WATERTOWN, Conn. —  A year ago, Nancy Demers, 71, was diagnosed with myelodysplastic syndrome, a deficiency in the bone marrow. The disease can eventually become leukemia.

“It’s treated as if it were cancer but there is no cure for it,” said her son, Scott Demers.

Now Nancy Demers has a new chance at life, thanks to advances in bone marrow stem cell transplants.

“If I didn’t do this, once I went out of remission _ it’s not if, it’s when _ I would go into acute leukemia and there will be nothing there to help me,” Nancy Demers said. “This will save my life and give me time.”

Demers is one of a rapidly growing number of people looking to depend on strangers to donate marrow since she doesn’t have a match within her family.

The rising number of patients seeking bone marrow has created new demands on registries that seek to match patient needs with willing donors.

Each sibling has a 25 percent chance of being a transplant match, according to Dr. Joseph Antin, chief and program director of the adult stem cell transplantation program at Dana Farber Brigham and Women’s Hospital in Boston.

In the United States, about 30 percent of patients find a donor within their family, according to Be the Match. Those who don’t must turn to international registries to find an unrelated donor.

Around 15 years ago, doctors couldn’t do a transplant on anyone over the age of 50, according to Dr. Leslie Lehmann, clinical director of the Stem Cell Transplant Center at Dana Farber.

“It’s a big stress on the body,” Lehmann said.

With older patients, there’s more of a risk of infection, kidney or liver damage, or the new bone marrow attacking the body. Children’s organs are more resilient, Lehmann said.

That’s good news for 12-year-old Angela DeFeo of Watertown, and 11-year-old Sarah Scully of Litchfield.

Both girls are facing bone marrow transplants _ Angela’s to treat non-Hodgkins lymphoma and Sarah’s to treat myelodysplastic syndrome.

Dana-Farber did 574 transplants for adults last year, Antin said.

The bulk of the transplants are for people with lymphoma, multiple myeloma, and leukemia, Antin said, but transplants can also cure myelodysplastic syndrome, myelofibrosis, sickle cell anemia, immune system deficiencies and other congenital disorders.

“Anyone who has a disorder of blood or immune system can be possibly cured with a bone-marrow transplant,” Antin said.

Although Nancy Demers has already found her match, Scott Demers is organizing a drive to sign people up for the Be the Match registry of the National Marrow Donor Program.

The drive is from noon to 4 p.m. Feb. 22 at the Watertown Fire Department. Only donors ages 18 to 44 can sign up for free, but donors stay in the registry until age 61. Older donors can join the registry online with an $11 tax-deductible payment.

Representatives from Dana Farber, where Nancy Demers will be treated, will be there to answer questions.

Although it’s simple to sign up for the registry _ all that’s required is a cheek swab and some medical history _, actually being a donor is more of a commitment.

There are two ways to donate bone marrow stem cells. In the first procedure, the donor undergoes anesthesia and doctors suck small amounts of marrow from the pelvic bone over the course of an hour, Antin said. All those needle pricks may leave the donor sore for a few days afterward, he said, but most donors recover quickly.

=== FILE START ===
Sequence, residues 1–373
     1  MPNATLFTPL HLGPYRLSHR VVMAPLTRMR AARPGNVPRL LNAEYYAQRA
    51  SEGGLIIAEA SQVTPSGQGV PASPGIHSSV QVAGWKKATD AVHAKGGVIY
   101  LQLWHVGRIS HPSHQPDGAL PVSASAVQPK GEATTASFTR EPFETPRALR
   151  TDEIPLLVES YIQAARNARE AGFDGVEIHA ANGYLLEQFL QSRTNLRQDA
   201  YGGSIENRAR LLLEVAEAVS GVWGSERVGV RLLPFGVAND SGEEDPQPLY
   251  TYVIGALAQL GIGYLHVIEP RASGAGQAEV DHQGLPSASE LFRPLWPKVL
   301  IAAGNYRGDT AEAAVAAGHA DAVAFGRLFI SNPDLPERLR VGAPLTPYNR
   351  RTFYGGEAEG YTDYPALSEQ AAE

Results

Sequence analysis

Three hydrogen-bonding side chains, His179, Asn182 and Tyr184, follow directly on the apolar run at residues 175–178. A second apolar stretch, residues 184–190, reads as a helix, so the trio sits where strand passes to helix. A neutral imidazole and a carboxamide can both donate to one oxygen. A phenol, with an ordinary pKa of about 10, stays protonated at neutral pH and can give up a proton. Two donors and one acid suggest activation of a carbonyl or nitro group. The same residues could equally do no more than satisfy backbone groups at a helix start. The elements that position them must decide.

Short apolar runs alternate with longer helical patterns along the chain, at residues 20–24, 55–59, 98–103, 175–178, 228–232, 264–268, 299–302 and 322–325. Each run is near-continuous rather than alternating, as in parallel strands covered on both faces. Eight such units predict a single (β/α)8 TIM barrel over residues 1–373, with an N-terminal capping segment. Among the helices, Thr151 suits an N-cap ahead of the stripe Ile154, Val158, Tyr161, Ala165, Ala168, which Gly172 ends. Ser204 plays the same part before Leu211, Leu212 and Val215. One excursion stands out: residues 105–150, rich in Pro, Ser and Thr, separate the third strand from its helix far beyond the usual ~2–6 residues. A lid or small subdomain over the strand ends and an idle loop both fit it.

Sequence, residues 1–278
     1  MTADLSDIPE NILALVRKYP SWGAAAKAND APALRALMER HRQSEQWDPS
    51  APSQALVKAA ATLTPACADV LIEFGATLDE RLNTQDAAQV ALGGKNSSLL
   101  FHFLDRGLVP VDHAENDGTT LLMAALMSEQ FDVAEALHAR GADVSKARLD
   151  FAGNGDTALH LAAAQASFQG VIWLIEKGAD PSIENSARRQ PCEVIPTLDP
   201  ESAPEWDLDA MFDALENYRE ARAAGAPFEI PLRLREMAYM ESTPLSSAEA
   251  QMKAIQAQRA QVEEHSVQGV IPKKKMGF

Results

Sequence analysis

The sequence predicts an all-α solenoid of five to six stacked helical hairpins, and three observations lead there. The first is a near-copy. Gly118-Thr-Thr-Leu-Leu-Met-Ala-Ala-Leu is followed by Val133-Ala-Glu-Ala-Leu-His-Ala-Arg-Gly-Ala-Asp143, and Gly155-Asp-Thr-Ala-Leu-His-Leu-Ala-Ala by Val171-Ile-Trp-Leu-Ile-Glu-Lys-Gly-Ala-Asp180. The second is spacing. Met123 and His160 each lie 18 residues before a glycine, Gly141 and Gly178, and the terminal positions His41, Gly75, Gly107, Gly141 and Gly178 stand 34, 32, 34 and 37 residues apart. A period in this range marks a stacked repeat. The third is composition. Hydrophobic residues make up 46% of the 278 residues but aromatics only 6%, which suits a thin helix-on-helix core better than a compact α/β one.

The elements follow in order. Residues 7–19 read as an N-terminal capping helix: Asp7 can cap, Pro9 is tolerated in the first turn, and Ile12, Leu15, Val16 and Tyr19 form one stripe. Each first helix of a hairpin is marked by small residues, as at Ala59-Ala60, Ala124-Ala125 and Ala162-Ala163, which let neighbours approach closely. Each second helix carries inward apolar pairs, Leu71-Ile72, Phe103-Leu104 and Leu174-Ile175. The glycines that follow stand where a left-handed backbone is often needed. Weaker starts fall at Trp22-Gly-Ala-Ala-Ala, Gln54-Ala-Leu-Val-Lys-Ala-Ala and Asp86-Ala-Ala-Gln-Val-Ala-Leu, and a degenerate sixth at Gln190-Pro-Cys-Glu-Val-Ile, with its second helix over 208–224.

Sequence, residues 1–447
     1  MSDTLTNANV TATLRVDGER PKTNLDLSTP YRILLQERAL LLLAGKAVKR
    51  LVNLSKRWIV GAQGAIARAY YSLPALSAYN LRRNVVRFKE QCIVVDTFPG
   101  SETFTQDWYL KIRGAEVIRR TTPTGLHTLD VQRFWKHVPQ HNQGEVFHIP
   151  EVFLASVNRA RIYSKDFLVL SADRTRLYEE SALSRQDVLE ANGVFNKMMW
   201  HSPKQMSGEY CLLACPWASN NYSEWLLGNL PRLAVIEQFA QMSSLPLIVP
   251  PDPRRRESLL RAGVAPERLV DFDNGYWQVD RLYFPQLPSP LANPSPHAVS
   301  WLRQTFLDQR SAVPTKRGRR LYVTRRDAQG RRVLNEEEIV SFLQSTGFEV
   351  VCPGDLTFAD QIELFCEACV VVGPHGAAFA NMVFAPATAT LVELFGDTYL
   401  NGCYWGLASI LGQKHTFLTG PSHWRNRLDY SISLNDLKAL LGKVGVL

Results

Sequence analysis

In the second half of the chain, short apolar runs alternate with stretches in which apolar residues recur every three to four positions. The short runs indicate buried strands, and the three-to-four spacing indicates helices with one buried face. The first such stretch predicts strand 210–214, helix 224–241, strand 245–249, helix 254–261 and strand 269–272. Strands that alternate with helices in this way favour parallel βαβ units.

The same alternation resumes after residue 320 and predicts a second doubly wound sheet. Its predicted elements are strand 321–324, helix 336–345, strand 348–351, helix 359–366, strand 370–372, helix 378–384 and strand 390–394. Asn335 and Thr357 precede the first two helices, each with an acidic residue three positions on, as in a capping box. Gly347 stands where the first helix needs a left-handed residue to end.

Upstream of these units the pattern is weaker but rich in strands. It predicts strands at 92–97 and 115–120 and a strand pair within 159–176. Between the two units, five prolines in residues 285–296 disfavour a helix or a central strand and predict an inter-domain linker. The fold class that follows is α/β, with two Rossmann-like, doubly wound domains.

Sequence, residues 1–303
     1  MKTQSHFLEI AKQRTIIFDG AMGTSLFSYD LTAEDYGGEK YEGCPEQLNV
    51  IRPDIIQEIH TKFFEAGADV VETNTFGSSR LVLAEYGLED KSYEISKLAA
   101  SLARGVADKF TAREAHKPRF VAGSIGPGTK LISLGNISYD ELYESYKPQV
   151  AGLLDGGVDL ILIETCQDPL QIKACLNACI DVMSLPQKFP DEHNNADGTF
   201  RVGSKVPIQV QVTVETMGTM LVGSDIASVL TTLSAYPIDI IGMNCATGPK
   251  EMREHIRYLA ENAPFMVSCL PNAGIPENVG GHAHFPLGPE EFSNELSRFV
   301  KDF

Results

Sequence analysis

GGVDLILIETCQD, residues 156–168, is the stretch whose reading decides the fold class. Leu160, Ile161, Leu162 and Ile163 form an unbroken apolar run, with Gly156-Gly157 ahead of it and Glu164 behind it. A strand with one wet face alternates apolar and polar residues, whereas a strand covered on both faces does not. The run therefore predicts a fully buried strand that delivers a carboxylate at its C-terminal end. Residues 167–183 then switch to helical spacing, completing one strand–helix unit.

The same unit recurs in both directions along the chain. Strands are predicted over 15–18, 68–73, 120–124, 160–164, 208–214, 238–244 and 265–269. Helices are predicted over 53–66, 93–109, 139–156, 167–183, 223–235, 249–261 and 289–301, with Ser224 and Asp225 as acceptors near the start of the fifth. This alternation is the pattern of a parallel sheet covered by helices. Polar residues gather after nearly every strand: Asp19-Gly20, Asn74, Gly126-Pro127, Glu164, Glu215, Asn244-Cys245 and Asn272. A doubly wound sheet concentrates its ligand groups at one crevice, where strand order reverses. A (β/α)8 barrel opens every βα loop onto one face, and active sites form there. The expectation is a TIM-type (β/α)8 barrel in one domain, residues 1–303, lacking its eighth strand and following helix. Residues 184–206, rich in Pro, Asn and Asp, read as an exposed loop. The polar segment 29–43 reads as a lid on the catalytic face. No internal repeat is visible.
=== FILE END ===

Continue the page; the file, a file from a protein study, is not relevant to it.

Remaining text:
In the second procedure, donors are given neupogen injections to send stem cells from the bone marrow into the bloodstream. The donor is then hooked up to a machine that draws the stem cells from the blood. The process takes about four hours, but is not unpleasant, Antin said.

Either way, when the cells are administered to the patient, they are given through the vein like a transfusion. The cells make their way from the blood back into the bones where they set up shop and restore bone marrow production, Antin said.

While one in 40 people on the registry will be called for additional testing, only one in 540 will go on to actually donate, according to Be the Match. Some may not turn out to be the best match for the patient or have health issues that make them ineligible.

Close to 50 percent of people who are called as potential matches say no, Mason said.

“People have to recognize that if they do get pulled we want them to follow through,” Antin said.

He said some people are willing to donate to a friend, but don’t want to donate to a stranger.

“You might be the only donor that’s available,” Antin said. “Most donors find it a very emotionally satisfying and gratifying thing to do.”

The entire process is billed to the patient’s insurance company and most registries pay incidental expenses for the donor such as travel and hotel costs, Antin said.

A year after the procedure, if both donor and patient want to communicate, they are allowed to meet, Antin said.

“There’s no feeling like that in the world to see someone who’s not alive and to bring them back to live,” said Scott Demers.

Unlike most organ donors, who can only donate after they’re dead, bone marrow donors can pick up the phone and call the person whose life they saved, Scott Demers said.

“I’d want to hug that person,” he said. “To even put yourself through something like that for a stranger. That’s humanity. That’s something that is good news.”